Friday, February 14, 2014

'Fireman' Dave and the dryer-fire


One phone call I never expected to get was the one I got from my normally cool, collected, do-it-myself husband. The call that went like this "Cher! There is a fire in our house. Call the fire department." Verbatim. No extra (or possibly helpful and potentially calming) details, just the bare bones.

I had started my Monday morning January 20 the way I normally start Mondays - by stripping the bed and sorting the laundry. I almost never neglect the wash on Mondays, it is one of the ways I keep on top of the things that need keeping on top of. The first load in the machine is the bed linens. I did the other regular everyday things while that load ran through the cycle, changed the linens to the dryer, started another load in the washer, grabbed my list of errands and groceries for the week, and headed out the door to take care of business. The call came when I had been gone for about 45 minutes. Fortunately David was home working and due to his cool-head and penchant to do-it-himself, he extinguished the fire just as the fire trucks rolled up to our door. Two fire trucks and a police cruiser as well. Lots of huge firemen trudging through our house making sure all was as well as it could be.

So. This is another one of those experiences that remind me how little I know and how self-involved I tend to be. If I had heard that a friend or acquaintance had had a dryer-fire, I would likely have thought to myself "well, that stinks!", assumed that a new dryer was in the works, and probably little else. It sounds like such a little event. And in the scheme of events it really is little. But like a paper cut that stings every time you get your hand wet, it really is aggravating. We are coming up to 4 weeks pretty quick here and we are far from back to normal. We spent the first two weeks post-fire enjoying a staycation in a lovely bed and breakfast courtesy of our insurance company while two restoration contractors began the business of remediating the damage from the thick black repellently stinky smoke that filled our home. Every single soft item on our home (and I mean everything that was not nailed to the floor with the exception of the sofas) was removed to be cleaned off-site. The removal alone took a couple of days. All our electronics were removed to be cleaned. Then every hard surface, every book and picture, had to be wiped down. The laundry room has been gutted. The ceilings will be scraped and redone. The carpets have been cleaned. There have been four massive 'air scrubbers' exchanging the air in our house every 15 minutes night and day and still it smells of fire in here.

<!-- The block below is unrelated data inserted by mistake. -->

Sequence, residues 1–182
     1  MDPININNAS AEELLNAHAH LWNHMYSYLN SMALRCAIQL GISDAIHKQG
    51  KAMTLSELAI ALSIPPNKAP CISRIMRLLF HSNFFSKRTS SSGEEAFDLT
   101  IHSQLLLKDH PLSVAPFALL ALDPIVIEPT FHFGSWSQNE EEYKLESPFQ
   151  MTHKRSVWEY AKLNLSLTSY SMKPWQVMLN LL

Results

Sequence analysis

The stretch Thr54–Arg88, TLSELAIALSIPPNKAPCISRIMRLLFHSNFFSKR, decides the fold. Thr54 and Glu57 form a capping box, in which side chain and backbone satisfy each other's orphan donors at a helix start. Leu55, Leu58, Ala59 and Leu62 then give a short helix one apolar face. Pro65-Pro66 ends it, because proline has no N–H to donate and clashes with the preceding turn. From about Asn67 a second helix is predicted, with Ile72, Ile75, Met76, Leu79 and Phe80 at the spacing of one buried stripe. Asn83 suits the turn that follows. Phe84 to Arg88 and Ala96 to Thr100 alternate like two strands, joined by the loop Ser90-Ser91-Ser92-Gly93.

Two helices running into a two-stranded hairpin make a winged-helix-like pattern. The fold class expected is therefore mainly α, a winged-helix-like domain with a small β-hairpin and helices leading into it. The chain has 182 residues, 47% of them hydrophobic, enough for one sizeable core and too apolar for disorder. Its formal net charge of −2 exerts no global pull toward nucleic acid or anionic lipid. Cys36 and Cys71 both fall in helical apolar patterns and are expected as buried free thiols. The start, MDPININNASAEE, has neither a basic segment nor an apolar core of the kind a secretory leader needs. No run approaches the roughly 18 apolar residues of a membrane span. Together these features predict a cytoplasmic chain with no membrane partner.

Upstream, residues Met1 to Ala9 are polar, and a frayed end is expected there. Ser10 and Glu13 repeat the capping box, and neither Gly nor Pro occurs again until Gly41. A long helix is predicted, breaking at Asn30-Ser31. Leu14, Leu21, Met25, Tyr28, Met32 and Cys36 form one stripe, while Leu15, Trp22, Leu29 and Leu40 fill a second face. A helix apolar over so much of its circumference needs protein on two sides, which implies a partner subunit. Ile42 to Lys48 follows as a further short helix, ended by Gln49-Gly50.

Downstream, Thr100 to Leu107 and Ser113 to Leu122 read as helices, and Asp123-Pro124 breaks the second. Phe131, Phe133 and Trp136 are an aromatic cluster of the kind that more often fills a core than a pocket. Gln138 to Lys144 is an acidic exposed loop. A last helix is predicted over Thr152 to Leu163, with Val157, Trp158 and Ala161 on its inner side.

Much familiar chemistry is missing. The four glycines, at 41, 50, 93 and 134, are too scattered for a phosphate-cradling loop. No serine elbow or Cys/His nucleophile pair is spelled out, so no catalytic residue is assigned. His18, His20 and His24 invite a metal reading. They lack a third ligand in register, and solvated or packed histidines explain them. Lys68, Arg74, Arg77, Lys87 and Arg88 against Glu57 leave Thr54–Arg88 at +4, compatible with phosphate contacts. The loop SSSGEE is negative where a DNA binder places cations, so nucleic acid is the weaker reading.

A week ago we got the first of our goods back. 223 bundles of hanging and I don't know how many boxes but lots!! I have spent hours every day in the meantime unpacking, cutting the id tags off each unique piece and trying to put things back where they live. It has been tedious in the extreme but I remind myself that I am so fortunate to have my home and my things. If David had not been home the chance is very great that by the time anyone on our quiet street even noticed there was a fire here, it would have been beyond too late. So I plod on, finding the odd treasure and of course the odd things that one keeps simply because it is easier than deciding what to do with them. Those things are set aside (now beautifully clean) to find new homes with someone else. In a few weeks I will have a rebuilt laundry room with new appliances and the stink of an electrical fire will (hopefully) be a memory.

There are a few lessons here. The first is easy to see - DON'T leave home (or go to bed) with any appliance running but especially not a washer, dryer, or dishwasher. The risk is simply not worth the convenience. Next lesson - know where the shut-offs are for said appliances and then make sure that you have a fire extinguisher and know how to use it.

But the most important lesson I have been reminded of again, is that it is not ever so real as when it has happened to you. It doesn't matter if it is small or large, life-changing or just a nuisance, I think I am not alone in my tendency to be too blind to the 'paper cuts' and disasters of those around me. It is far too easy to ask for understanding and tolerance, for support and comfort for what concerns me but deny those same needs to others because I haven't made the effort to get out of my skin and feel their worries, to understand why they feel stressed, to know that they need love and maybe more than just a little help. Our paper-cut-disaster has been really relatively painless - a big nuisance and a whole lot of work to be sure - but we have lost nothing that matters. We have our home and it will be beautiful and orderly again.  Much of what was destroyed can be replaced and what cannot will not leave a hole in my life. We have one another and each precious member of our family. We have the opportunity to get up and work and learn and grow with each new day.

Can't say I won't be happy to get the rest of my stuff back - I am pretty tired of one pair of boots and the shoes I wear for my daily walks (hardly fashionable). First world problems. Small potatoes. At least I have shoes. I do like shoes though....

2 comments:

Jonathon said...

Such a good point. Until we go through the trial ourselves we rarely give it a second thought and thus miss thousands of opportunities to show compassion or lighten people's loads.

A good reminder. Thanks mom!!!


I hope you get your shoes back!

Erika said...

I have been waiting for this post! Have been following you on Instagram and can't believe the ordeal you have had to go through! My sister just had the same nightmare, coincidentally, but due to a pan left on the stovetop. Scary!!! So glad you are safe and sound and your home was spared. Looking forward to cherstuff postings once again.